He told us what the silver ships had been, about the strange vessel they’d escorted that landed in the Staatfuhr’s garden, a metal tear drop that melted away like summer snow, to reveal the tall pale figure of a man. The albino giant called himself Jason, and had calmly announced that he was here to save us from the whirlwind.
The chamber erupted, emotions boiling over and breaking down under the strain of the last few days. People started shouting, arguing, anything to escape the collapse of a whole way of life and belief.
The Staatfuhr climbed to his feet. “Shut up!”
A guard at the back of the room raised a pistol, and, at a nod from the Staatfuhr, fired into the ceiling.
Silence. A stunned audience sank into its chairs.
The Staatfuhr looked across the room. “I understand how you feel. But Jason means one thing: a chance to live. He’s the wild card, the chance our ancestors never had…”

The days that followed were a bustle of work, as the diamonds carried on falling all across Neuheim. Deep drifts of them built up against buildings, blocking roads all over the city. The bunkers were full of equipment taken from the universities, and as the Caliphate’s deadline came closer and closer, we turned the Staatfuhr’s bolthole into a functioning research centre.
The clocks glowing digits rolled on down to zero hour. All around the room TV screens flickered into life, each monitor connected to the micro-cameras we’d seeded across Kohlwahr. In the vaults our captive diamonds were bathed in a sea of radiations: x-rays, neutrinos, gamma rays, electron beams – even good old visible light. Arrays of sensors were ready: we wanted to see exactly what Stage Two cleansing meant, and we were going to use every eye that science could give us.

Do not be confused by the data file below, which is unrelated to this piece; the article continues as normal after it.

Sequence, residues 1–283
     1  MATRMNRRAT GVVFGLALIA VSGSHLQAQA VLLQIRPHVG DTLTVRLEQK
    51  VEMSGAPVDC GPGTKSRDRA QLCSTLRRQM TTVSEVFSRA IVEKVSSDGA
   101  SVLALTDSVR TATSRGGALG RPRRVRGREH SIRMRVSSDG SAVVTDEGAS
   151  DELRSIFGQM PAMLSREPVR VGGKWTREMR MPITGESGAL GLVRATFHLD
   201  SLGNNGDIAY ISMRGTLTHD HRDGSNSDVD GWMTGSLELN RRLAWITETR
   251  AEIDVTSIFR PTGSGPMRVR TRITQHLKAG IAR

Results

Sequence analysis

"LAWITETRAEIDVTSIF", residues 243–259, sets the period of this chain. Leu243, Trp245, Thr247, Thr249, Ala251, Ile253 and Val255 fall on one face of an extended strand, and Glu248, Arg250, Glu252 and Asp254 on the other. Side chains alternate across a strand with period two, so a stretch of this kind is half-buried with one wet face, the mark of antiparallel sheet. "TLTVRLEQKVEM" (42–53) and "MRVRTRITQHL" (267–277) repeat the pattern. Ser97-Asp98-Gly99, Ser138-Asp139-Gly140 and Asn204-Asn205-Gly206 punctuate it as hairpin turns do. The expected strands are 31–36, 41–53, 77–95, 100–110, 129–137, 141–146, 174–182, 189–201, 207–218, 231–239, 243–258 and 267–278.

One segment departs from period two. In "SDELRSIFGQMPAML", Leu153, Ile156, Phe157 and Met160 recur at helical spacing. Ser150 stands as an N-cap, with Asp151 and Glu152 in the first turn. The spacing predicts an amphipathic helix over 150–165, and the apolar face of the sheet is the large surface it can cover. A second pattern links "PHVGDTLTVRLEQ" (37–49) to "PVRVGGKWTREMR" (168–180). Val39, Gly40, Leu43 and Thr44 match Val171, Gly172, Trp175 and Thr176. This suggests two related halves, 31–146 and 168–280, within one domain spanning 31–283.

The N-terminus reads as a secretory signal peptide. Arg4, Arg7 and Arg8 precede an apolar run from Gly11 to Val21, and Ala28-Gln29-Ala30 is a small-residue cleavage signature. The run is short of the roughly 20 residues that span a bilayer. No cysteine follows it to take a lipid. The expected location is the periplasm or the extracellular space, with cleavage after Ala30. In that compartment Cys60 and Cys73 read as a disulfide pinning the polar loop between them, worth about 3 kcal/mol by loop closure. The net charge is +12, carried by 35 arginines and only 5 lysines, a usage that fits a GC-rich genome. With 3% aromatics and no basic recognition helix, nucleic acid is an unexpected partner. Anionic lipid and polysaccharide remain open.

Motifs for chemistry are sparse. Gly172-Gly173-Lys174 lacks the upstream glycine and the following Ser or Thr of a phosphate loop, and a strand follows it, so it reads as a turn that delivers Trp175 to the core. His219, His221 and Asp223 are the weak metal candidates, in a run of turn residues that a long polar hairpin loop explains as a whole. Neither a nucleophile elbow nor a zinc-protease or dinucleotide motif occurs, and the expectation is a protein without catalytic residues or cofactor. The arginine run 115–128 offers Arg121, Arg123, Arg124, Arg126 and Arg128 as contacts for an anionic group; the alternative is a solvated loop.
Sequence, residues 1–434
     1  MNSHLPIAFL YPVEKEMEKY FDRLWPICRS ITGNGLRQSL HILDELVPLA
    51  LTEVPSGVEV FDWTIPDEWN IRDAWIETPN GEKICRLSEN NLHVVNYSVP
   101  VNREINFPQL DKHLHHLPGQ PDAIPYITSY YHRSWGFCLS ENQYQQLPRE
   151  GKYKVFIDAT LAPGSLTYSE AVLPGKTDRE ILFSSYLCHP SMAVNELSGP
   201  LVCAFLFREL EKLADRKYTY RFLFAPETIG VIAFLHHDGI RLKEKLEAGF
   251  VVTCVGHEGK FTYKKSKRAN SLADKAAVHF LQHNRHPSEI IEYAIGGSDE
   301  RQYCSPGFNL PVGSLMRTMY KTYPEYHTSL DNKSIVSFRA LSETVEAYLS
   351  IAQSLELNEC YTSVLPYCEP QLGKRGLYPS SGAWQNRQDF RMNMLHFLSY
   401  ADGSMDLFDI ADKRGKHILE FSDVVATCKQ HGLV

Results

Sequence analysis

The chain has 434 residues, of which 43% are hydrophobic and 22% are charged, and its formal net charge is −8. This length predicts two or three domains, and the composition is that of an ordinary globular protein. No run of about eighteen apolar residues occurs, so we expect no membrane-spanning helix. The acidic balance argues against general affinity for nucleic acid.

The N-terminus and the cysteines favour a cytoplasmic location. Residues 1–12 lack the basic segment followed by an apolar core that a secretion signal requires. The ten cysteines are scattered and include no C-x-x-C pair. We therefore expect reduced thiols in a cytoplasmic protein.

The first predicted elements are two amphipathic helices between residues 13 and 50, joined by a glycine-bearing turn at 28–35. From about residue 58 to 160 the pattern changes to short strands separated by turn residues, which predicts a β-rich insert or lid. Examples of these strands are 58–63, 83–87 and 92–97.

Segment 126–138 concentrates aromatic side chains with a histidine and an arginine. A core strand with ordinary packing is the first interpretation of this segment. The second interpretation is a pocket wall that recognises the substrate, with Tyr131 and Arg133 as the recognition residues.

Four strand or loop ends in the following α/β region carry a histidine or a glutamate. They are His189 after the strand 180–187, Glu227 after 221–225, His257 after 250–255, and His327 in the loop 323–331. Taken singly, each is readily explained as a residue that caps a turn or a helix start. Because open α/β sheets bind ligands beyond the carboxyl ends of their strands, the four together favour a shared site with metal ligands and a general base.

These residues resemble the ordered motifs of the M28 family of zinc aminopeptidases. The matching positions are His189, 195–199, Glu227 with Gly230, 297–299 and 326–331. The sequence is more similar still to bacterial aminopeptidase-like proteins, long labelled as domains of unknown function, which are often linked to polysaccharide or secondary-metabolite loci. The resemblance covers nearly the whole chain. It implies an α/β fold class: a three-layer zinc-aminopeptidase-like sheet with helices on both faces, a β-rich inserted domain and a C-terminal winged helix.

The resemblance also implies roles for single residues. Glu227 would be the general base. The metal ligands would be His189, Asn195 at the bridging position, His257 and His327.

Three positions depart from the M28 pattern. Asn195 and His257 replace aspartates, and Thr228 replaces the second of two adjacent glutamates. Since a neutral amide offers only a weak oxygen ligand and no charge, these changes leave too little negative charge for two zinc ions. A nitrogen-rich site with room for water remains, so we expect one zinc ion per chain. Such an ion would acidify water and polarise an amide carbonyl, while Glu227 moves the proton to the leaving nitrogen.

Zero hour. Above our heads, in the empty city, the diamond drifts began to melt. The sensors in the vaults watched the devices dissolve, forming a glistening sheen on the sample trays. As the liquid began to eat into the metal trays, there was a flash of light as the security systems went into action. A huge bank of capacitors discharged, firing an immense pulse of energy into the chambers, killing the Caliphate’s devices. As a finale, lead shields moved away, and a desktop beat-wave particle accelerator flooded the test chambers with a lethal mix of hard gamma rays and positrons.
On the surface the diamond blobs began to move, splitting into glistening droplets that crawled across the ground, and disappeared into buildings. It was an old science fiction movie scene: the implacable alien monsters attacking a defenceless city. I watched as a droplet swarm reached an abandoned truck, watched as the droplets crawled up its wheels, on to its roof. There they sat, slowly growing, bacteria on a Petri dish.
I heard a whispered ‘Oh shit’ as a hole appeared in the truck’s roof. Somewhere behind me a medic was passing tranquillisers around. A door slammed, someone trying to escape the electronic witnesses and the death of Neuheim.
“Amris…” I started, fascination broken by a voice and a hand on my shoulder, “Amris…” It was one of the analytical chemists, “We’ve got some results from the secure chamber.”
“Grey goo? Or directed disassembly?” I asked. Back in the early days of nanotechnology research, one of the biggest fears had been the so-called grey goo; out of control self-replicating machines that could consume a world. If the Caliphate was using grey goo as a weapon, then there was no hope for Neuheim.